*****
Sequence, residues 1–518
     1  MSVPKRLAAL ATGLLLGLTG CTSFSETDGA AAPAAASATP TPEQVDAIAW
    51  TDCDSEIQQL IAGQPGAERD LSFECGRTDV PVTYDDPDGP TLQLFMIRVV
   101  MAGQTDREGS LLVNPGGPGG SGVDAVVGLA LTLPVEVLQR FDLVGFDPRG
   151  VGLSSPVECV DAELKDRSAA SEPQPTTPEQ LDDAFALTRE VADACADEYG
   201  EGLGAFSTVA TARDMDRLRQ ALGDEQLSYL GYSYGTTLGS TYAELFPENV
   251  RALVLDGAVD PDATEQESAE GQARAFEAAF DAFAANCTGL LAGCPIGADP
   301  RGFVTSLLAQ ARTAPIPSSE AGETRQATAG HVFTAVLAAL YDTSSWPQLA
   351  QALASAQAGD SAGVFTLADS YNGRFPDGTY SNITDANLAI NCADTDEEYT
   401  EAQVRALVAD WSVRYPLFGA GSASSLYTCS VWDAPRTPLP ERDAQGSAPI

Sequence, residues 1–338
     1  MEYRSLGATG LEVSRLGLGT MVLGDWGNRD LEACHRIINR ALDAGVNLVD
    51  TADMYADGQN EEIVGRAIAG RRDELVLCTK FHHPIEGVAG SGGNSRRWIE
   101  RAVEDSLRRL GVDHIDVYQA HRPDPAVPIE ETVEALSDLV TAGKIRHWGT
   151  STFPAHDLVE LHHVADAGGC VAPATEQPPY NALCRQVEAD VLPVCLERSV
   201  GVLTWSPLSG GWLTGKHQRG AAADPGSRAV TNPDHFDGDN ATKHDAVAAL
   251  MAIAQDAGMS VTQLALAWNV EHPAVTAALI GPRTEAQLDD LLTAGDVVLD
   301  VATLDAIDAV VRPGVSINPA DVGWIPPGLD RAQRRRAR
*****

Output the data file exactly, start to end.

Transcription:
Sequence, residues 1–518
     1  MSVPKRLAAL ATGLLLGLTG CTSFSETDGA AAPAAASATP TPEQVDAIAW
    51  TDCDSEIQQL IAGQPGAERD LSFECGRTDV PVTYDDPDGP TLQLFMIRVV
   101  MAGQTDREGS LLVNPGGPGG SGVDAVVGLA LTLPVEVLQR FDLVGFDPRG
   151  VGLSSPVECV DAELKDRSAA SEPQPTTPEQ LDDAFALTRE VADACADEYG
   201  EGLGAFSTVA TARDMDRLRQ ALGDEQLSYL GYSYGTTLGS TYAELFPENV
   251  RALVLDGAVD PDATEQESAE GQARAFEAAF DAFAANCTGL LAGCPIGADP
   301  RGFVTSLLAQ ARTAPIPSSE AGETRQATAG HVFTAVLAAL YDTSSWPQLA
   351  QALASAQAGD SAGVFTLADS YNGRFPDGTY SNITDANLAI NCADTDEEYT
   401  EAQVRALVAD WSVRYPLFGA GSASSLYTCS VWDAPRTPLP ERDAQGSAPI

Sequence, residues 1–338
     1  MEYRSLGATG LEVSRLGLGT MVLGDWGNRD LEACHRIINR ALDAGVNLVD
    51  TADMYADGQN EEIVGRAIAG RRDELVLCTK FHHPIEGVAG SGGNSRRWIE
   101  RAVEDSLRRL GVDHIDVYQA HRPDPAVPIE ETVEALSDLV TAGKIRHWGT
   151  STFPAHDLVE LHHVADAGGC VAPATEQPPY NALCRQVEAD VLPVCLERSV
   201  GVLTWSPLSG GWLTGKHQRG AAADPGSRAV TNPDHFDGDN ATKHDAVAAL
   251  MAIAQDAGMS VTQLALAWNV EHPAVTAALI GPRTEAQLDD LLTAGDVVLD
   301  VATLDAIDAV VRPGVSINPA DVGWIPPGLD RAQRRRAR